Tokyo-based SoftBank Group is one of the largest multinational corporations in the world. The firm has grown from a small computer parts store to the second-largest company in Japan, just behind Toyota. SoftBank’s reach extends across the globe and into many different industries.
In addition to being the majority shareholder of Sprint (S) and Boston Dynamics, SoftBank has made major investments in Yahoo, Alibaba, Uber and WeWork. SoftBank shares do not trade on American stock exchanges, so investors who want to buy SoftBank stock will need a brokerage with access to Japanese or OTC markets.
Is SoftBank Group worth the investment? The company has many high-profile winning bets like Alibaba and Yahoo but has also faced criticism for its business dealings with Saudi Arabia and its heavy debt load.
SoftBank Company and Stock History
SoftBank was founded in 1981 by Masayoshi Son, a 24-year old entrepreneur. Son became a millionaire during his time at school, thanks to a translator he sold to Sharp Corporation for $1.7 million. Son founded the SOFTBANK Corporation as a computer parts and repair store shortly after graduating from Cal in 1980.
SoftBank did not remain a small computer parts store for long. In 1982, Masayoshi Son brought SoftBank into the publishing industry with two different computer magazines: Oh! PC for NEC computers and Oh! MZ for Sharp products. These ventures were highly successful and Oh! PC had a circulation of over 140,000 by the end of the 1980s. But as the 1990s went on, Son became increasingly enamored with the internet and its capacity to change the entire world.
In 1994, SoftBank Group had its IPO and garnered an initial valuation of $3 billion. In less than 15 years, Son built his small computer store into one of the most powerful players in the tech industry. SoftBank dove deeper into the telecommunications and internet industries. The firm signed an agreement with internet sensation Yahoo in 1996 to bring the search engine to Japan. Yahoo Japan became the most popular site in the country within a few years.
SoftBank’s greatest investment was the $20 million it put into Chinese startup Alibaba shortly before the dot-com bubble burst in 2000. Despite losing a tremendous amount of his wealth in the bust, Masayoshi Son held on to his stake in Alibaba. In 2014, Alibaba went public and Son’s $20 million investment turned into a $60 billion windfall.
SoftBank continued to expand its telecommunications wing by purchasing a majority stake in Sprint Corporation for $22 billion in 2012. The FCC approved the move in 2013 and SoftBank assumed a 78% stake in Sprint.
The Vision Fund
SoftBank’s Vision Fund is a $100 billion venture capital fund aimed at late-stage startups. Vision Fund has been instrumental in providing funding to disruptors like Uber, WeWork, DoorDash and Slack. Son is highly involved in running the fund and demands a face-to-face meeting with each founder before investing any of the fund’s capital.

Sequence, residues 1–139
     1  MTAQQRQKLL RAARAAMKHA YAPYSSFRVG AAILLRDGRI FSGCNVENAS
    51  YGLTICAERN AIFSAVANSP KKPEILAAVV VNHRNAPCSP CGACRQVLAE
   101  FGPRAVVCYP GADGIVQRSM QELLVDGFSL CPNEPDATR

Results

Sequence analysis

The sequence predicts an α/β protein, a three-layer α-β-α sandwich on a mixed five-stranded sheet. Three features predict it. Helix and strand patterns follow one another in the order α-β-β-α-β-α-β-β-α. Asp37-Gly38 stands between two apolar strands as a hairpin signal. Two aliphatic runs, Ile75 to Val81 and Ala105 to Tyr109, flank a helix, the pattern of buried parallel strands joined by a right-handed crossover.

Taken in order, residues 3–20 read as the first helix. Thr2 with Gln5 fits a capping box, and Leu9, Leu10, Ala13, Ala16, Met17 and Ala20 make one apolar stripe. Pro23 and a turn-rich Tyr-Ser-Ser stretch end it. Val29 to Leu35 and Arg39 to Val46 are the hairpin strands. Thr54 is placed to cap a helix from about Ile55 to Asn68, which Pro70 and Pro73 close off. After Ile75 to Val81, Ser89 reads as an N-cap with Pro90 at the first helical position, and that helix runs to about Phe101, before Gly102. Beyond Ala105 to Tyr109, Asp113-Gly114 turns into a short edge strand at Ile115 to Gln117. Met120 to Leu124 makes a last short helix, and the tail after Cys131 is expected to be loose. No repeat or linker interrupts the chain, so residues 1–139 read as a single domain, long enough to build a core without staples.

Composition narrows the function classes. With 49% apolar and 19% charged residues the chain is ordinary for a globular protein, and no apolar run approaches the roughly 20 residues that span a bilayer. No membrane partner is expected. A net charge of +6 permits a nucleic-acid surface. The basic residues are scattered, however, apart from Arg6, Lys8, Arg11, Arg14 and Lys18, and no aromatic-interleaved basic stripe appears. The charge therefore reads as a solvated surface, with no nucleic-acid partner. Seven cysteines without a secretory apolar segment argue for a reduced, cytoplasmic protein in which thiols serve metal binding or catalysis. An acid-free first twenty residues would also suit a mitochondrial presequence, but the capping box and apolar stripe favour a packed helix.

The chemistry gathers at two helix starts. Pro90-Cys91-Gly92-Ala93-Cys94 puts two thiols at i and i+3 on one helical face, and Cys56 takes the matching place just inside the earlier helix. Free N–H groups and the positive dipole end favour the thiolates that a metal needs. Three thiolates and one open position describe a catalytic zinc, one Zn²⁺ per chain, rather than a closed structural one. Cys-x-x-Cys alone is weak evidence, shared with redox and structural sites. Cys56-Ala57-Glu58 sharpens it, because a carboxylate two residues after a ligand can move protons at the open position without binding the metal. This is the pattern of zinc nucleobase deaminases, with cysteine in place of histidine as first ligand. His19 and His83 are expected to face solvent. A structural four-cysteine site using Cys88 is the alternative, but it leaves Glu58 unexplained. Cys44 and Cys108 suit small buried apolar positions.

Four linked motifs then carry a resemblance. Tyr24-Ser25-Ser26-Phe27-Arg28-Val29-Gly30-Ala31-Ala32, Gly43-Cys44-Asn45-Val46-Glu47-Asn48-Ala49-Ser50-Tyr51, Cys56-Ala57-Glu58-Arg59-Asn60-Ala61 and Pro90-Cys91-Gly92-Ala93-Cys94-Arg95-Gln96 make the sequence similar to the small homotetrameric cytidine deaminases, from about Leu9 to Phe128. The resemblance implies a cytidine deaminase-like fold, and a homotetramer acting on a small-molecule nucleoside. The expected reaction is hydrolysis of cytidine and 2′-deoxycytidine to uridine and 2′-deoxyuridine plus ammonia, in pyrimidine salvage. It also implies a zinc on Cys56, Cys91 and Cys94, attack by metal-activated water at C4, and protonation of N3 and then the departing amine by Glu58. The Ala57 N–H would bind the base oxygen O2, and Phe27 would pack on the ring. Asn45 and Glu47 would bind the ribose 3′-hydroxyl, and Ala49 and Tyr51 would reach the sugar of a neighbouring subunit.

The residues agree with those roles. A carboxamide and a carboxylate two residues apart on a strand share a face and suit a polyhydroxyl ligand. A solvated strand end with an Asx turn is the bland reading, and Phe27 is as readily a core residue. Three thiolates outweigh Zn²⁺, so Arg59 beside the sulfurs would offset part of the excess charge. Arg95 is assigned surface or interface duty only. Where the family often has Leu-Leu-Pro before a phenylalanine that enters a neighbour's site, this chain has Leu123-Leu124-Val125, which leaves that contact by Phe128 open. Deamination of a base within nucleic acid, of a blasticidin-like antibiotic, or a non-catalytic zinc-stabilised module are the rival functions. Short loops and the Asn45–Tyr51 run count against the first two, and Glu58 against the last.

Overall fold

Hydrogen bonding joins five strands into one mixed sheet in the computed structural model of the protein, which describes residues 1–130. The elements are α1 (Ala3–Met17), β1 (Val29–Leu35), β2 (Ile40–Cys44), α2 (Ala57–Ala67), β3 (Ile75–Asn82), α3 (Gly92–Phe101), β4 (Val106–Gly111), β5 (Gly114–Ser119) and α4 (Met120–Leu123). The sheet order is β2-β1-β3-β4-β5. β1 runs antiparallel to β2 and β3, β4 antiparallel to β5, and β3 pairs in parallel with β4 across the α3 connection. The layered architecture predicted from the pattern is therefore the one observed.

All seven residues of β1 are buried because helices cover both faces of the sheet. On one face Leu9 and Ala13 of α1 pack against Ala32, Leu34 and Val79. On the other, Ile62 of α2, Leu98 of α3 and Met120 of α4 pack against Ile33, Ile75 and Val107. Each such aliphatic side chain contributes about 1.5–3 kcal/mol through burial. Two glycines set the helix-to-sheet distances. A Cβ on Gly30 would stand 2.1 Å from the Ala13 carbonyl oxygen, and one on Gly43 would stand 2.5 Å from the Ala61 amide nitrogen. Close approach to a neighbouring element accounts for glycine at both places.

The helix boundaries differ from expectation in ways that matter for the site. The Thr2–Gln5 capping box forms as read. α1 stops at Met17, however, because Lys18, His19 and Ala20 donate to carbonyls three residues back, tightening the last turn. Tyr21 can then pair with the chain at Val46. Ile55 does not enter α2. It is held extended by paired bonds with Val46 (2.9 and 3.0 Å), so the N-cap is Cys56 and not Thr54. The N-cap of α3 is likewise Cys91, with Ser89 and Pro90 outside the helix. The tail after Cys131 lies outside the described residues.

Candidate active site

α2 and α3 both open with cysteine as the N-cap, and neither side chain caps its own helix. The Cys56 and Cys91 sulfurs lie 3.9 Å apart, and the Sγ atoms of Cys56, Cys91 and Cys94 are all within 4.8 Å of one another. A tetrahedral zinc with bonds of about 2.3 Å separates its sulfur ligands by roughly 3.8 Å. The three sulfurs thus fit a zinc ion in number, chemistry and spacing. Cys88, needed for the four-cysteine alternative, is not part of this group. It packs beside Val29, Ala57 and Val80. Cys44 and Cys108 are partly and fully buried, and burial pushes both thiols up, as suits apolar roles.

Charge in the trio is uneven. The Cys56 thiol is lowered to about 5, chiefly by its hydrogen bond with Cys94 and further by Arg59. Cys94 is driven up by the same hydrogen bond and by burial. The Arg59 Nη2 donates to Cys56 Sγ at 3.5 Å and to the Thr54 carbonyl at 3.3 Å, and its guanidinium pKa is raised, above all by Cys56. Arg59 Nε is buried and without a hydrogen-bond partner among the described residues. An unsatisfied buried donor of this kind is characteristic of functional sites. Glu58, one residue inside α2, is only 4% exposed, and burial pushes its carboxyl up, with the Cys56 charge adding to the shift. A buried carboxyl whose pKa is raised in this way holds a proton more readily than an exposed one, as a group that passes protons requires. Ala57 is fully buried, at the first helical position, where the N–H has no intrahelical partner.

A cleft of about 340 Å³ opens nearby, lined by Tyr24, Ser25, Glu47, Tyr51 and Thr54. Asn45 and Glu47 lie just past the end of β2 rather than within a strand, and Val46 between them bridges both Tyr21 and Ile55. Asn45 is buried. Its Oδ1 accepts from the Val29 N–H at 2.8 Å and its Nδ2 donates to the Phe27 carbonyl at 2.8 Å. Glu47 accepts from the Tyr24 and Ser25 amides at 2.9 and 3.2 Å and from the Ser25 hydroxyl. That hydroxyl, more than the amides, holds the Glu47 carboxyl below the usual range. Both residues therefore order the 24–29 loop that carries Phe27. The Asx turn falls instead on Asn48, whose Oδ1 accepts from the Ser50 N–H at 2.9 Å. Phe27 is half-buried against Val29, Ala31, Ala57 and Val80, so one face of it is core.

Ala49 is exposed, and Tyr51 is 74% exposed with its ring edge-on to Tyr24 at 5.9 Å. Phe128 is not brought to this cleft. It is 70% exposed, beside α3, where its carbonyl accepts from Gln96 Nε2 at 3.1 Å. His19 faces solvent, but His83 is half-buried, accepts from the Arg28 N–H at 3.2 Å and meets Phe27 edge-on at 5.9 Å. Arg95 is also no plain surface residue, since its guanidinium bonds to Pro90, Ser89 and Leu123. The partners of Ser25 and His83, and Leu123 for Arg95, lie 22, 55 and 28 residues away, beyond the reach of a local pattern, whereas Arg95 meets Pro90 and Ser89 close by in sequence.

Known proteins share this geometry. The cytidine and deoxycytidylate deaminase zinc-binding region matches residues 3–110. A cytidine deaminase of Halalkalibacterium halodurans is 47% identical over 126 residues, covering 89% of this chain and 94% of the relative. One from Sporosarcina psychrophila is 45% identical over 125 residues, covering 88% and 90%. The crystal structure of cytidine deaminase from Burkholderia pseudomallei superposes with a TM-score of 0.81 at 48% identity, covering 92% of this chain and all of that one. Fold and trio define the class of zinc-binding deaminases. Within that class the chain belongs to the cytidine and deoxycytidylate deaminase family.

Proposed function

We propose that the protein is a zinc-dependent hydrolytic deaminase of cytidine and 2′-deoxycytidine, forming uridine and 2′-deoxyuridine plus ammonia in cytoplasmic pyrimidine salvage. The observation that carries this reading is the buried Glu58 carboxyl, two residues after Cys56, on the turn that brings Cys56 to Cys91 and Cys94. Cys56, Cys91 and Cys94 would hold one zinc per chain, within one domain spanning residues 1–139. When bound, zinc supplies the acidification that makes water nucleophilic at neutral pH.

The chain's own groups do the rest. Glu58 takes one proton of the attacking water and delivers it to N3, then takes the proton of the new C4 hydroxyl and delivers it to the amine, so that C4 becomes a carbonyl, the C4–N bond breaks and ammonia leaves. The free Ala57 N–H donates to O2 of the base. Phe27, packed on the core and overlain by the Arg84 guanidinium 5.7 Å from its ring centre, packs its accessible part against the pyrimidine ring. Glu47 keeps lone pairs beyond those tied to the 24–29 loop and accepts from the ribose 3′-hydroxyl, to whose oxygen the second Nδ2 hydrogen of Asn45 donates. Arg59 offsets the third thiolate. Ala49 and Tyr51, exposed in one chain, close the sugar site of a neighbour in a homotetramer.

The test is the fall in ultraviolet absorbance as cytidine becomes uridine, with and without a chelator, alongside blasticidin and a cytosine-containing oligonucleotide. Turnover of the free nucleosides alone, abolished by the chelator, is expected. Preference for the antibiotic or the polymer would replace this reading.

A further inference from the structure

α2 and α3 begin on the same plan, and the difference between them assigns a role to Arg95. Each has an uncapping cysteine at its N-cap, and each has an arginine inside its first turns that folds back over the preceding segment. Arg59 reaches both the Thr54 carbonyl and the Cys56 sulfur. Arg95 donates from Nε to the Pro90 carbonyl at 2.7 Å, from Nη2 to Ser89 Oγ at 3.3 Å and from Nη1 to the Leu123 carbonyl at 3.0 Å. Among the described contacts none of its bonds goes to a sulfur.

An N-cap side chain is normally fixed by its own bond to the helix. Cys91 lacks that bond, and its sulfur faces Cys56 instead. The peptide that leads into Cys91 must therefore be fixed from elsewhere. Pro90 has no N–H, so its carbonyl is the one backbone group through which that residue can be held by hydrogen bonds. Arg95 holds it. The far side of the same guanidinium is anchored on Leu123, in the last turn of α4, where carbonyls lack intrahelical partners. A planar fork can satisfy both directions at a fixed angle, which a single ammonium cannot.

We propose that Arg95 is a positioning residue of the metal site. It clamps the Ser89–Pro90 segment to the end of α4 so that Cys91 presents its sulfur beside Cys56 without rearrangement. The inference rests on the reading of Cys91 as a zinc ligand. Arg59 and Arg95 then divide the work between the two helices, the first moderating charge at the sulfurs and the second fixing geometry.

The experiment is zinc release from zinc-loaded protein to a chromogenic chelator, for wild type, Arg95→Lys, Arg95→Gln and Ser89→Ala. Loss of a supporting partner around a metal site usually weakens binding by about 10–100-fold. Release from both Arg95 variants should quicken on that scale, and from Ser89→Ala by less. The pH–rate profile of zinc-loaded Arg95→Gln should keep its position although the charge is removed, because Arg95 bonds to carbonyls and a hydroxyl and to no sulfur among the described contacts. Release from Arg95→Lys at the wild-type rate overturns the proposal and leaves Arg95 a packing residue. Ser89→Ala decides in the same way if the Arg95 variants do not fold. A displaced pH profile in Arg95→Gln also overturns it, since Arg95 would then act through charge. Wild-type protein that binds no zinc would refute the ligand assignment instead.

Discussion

Established in 2016, Vision Fund now has investments in nearly 100 different companies from sectors like health technology, transportation logistics, real estate, and fintech. However, Son has faced criticism for taking money from Saudi Arabia’s sovereign wealth fund and Prince Mohammad Bin Salman to finance Vision Fund investments.
SoftBank Stock History
SoftBank went public in 1994 and trades on the Tokyo Stock Exchange. Japanese traders can find SoftBank shares under Issue 99840. SoftBank is a component of the Tokyo Stock Price Index 30 (TOPIX Core 30), which comprises the most liquid large-cap companies in Japan. When searching for SoftBank shares on an American brokerage or research platform, you’ll likely come across two different stock symbols: SFTBY and SFTBF. Both look similar, but one is a sponsored ADR and the other an unsponsored ADR (American depositary receipt).
Since SoftBank trades on the Tokyo Stock Exchange, U.S. traders can’t access common shares. However, banks can offer ADRs on the OTC markets to act as proxies for shares of the underlying company. In the case of SoftBank, SFTBY is an unsponsored ADR. An unsponsored ADR securitizes the underlying foreign company in the United States without their involvement.
In some cases, the underlying firm doesn’t even give permission for the unsponsored ADR to be created. SFTBF is a sponsored ADR, meaning that SoftBank’s equity supplies the underlying value of the asset. Sponsored ADRs have different levels as well. Level I sponsored ADRs can only be traded on the pink sheets while Level II sponsored ADRs can be traded on U.S. exchanges.
Both SFTBY and SFTBF can be purchased by American investors via OTC markets. As an unsponsored ADR, SFTBY gives investors no shareholder voting rights or privileges and the bank writing the ADR remains in control of it. SoftBank retains control over SFTBF as the sponsored ADR.
SoftBank is the second-largest publicly traded company in Japan after Toyota Motors, with a market cap over $100 billion. On July 11, the company announced a 2-to-1 stock split but didn’t lower the dividend payout. SoftBank is poised to be a leader in Japanese tech investment for many years to come.